And the joining of these continents triggered a massive exchange of life, called the Great American Biotic Interchange. Suddenly, species that were native to North America could travel south, and vice versa. So it’s been argued that some of the big Arctodus bears of North America made the trek south, and their descendants eventually gave rise to even bigger bears in South America, with the earliest evidence of Arctotherium showing up in what’s now Argentina about 1.75 million years ago. But, some recent genetic evidence suggests that South America’s big bears actually came about in a totally different way. In 2016, a team of researchers took DNA from a fossilized femur of Arctotherium and compared it to the genomes of both living and extinct bears. And the results showed that Arctotherium was actually more closely related to the cute, little, and modern spectacled bear than it was to the giant Arctodus of North America. So now it seems more likely that members of some other lineage of North American short-faced bears moved south, and became the ancestors of Arctotherium and the spectacled bear.
And if that’s true, then it means the mega-bears of North America and those in South America must have acquired their huge body sizes independently and at different times. So what evolutionary pressures would have driven each of these bears to start living large? Well, for Arctotherium angustidens, it might have been a response to the strange environment its ancestors found in South America. Before South America met up with North America, the continent was full of large herbivores like giant ground sloths and armored glyptodonts. And yet, there were hardly any big predators. Sure, there were the terror birds, and the marsupial-like hunter Thylacosmilus. And in the early Pleistocene, the huge saber-toothed cat Smilodon moved in from the north. But overall, the first bears to colonize South America didn’t face much competition. So bigger bodies might have been better for the ancestors of Arctotherium angustidens, allowing them to hunt -- or maybe scavenge -- some of the area’s giant herbivores. Without much competition, the giant bear could’ve easily established itself as a top predator or fearsome scavenger simply by virtue of its size.
But that doesn’t mean that this bear was strictly a carnivore. In 2009, researchers in Argentina compared skulls of Arctotherium to those of living bears, in search of clues about the ancient bear’s diet. That’s because modern bears that eat a lot of meat --like polar bears-- tend to have smaller cheek teeth and longer jaws. But in mostly herbivorous species, you’ll see the opposite -- shorter jaws and bigger cheek teeth. And the skull of Arctotherium angustidens fell right in the middle. It didn’t look like a meat or plant specialist, so the researchers figured that it was probably an omnivore, much like many modern bears. But in the same study, other Arctotherium species landed in a different part of the spectrum. Their skulls looked a lot more like those of mostly herbivorous bears, like the giant panda and the spectacled bear. For reasons we don’t fully understand, the mighty Arctotherium angustidens died out around 800,000 years ago. And it seems that its lineage had gotten the memo that bigger was no longer better. As time wore on, Arctotherium bears got smaller, and their food habits became more herbivorous.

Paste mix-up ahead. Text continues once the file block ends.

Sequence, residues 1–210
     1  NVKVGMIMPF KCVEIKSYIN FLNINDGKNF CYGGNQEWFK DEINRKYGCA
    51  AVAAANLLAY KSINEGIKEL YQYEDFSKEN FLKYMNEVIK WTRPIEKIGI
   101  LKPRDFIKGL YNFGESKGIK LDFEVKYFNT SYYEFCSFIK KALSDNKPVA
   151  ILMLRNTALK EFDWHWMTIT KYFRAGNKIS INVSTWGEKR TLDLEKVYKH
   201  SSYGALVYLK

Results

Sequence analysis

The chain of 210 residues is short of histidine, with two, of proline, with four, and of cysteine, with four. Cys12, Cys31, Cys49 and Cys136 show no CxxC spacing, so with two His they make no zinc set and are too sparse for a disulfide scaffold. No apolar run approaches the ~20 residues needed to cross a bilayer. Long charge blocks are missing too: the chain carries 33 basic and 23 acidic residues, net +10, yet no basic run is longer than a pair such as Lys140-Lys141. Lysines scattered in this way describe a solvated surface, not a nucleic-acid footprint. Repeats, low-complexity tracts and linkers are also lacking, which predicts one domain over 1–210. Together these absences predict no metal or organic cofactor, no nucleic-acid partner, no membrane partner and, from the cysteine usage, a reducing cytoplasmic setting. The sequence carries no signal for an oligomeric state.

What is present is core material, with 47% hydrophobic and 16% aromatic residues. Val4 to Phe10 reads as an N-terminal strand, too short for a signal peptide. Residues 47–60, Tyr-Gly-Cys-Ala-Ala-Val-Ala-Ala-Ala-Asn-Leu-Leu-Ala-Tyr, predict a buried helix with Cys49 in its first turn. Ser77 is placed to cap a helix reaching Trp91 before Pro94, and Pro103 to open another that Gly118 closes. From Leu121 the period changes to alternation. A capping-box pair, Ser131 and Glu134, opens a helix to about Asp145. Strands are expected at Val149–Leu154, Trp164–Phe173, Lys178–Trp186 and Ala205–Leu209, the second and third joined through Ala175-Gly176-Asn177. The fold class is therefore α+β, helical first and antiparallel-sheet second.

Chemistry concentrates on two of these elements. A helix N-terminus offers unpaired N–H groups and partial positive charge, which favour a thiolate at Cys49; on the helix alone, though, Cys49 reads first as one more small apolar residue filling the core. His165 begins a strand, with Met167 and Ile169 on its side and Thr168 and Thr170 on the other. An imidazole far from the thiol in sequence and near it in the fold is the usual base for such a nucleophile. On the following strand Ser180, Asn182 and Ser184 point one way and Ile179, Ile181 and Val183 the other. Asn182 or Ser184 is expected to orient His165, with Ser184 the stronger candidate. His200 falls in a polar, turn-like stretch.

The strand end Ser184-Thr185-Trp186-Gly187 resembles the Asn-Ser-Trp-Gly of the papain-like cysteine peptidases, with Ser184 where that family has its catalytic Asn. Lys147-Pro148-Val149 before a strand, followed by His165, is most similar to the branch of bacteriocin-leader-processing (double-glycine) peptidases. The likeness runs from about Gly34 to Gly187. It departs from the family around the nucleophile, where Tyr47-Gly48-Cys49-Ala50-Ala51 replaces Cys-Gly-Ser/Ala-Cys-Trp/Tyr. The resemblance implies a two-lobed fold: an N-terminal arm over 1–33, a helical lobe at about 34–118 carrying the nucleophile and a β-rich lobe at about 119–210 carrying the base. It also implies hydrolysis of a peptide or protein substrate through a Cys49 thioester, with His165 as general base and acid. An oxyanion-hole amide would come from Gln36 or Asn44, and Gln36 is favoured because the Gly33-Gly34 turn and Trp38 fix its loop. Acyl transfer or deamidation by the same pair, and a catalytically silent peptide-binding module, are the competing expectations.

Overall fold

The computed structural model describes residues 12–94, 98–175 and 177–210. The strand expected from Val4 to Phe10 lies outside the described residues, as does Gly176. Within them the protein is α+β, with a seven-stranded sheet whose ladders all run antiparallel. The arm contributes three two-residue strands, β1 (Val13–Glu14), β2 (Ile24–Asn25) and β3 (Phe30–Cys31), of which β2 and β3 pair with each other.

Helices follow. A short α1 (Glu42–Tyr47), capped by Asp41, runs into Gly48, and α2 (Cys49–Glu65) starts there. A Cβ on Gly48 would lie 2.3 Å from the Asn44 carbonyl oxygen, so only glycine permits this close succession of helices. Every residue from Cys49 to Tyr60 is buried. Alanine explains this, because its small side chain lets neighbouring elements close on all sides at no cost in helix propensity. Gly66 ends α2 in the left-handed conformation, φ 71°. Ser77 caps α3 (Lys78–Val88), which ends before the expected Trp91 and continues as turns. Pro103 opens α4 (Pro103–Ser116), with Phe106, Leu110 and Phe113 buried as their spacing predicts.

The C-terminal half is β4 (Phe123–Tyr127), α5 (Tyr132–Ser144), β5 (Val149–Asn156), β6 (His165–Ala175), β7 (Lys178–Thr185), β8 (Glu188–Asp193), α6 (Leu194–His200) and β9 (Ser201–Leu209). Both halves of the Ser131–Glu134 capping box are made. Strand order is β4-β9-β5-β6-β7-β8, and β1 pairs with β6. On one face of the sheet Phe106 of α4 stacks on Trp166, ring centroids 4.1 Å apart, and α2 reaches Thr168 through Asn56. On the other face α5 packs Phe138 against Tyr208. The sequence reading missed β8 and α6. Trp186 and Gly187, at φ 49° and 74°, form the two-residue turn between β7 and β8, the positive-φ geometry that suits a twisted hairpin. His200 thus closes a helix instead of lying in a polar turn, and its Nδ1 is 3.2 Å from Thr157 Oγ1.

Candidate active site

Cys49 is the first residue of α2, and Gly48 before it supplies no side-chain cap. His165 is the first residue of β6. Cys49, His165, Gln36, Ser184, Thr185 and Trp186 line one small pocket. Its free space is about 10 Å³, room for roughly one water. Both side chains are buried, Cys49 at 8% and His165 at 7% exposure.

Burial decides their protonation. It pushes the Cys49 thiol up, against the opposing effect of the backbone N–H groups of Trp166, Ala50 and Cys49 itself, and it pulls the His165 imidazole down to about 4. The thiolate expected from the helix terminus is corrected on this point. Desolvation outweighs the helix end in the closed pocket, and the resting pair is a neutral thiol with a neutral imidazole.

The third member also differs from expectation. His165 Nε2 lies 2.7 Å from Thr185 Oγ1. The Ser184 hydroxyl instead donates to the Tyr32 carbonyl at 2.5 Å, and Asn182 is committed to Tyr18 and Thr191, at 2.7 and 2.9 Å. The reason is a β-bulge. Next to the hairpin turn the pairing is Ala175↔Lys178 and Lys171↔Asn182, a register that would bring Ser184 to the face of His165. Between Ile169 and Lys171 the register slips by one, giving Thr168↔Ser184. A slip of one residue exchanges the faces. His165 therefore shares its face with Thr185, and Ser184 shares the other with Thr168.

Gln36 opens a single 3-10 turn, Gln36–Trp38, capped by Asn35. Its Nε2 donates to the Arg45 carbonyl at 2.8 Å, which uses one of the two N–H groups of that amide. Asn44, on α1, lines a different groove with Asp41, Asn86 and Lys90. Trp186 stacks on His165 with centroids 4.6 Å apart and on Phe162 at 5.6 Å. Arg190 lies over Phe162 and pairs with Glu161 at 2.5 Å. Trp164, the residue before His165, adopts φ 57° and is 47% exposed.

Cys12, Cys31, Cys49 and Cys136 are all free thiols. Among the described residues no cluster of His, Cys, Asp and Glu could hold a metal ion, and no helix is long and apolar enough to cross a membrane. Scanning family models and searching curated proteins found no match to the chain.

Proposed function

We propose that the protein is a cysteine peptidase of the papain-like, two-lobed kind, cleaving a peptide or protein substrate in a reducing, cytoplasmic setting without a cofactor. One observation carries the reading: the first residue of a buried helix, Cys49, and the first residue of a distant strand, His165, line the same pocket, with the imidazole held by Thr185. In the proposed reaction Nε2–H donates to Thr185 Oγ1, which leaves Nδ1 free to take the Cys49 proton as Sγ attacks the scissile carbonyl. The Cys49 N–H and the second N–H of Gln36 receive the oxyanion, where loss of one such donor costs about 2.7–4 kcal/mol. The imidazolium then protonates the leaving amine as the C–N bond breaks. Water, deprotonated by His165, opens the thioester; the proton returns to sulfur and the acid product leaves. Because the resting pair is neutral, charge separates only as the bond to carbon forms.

These descendants that lived between 800,000 and 12,000 years ago all weighed about 500 kilograms or less. And by their skulls and teeth, we can tell that they ate less meat. The last --and maybe smallest-- species was Arctotherium wingei, a bear that survived into the present Holocene Epoch and may have been every bit as herbivorous as the spectacled bear. So, why did this lineage of bears change course, in diet as well as body size? It may be linked to a spike in competition. Remember, when Arctotherium first appeared in South America, it didn’t have a lot of rival predators to deal with. But by the late Pleistocene, the jaguar, the cougar, and the dire wolf had all crossed into South America. So it could be that the descendants of the giant short-faced bear responded by downsizing and eating more greenery in order to avoid competing with these new predators. Now, back up north, and a bit farther back in time, the evolutionary pressure to sidestep competition was also felt by North America’s own giant bear: Arctodus simus. One of this bear’s more unusual traits was its long, slender limbs, which seemed to some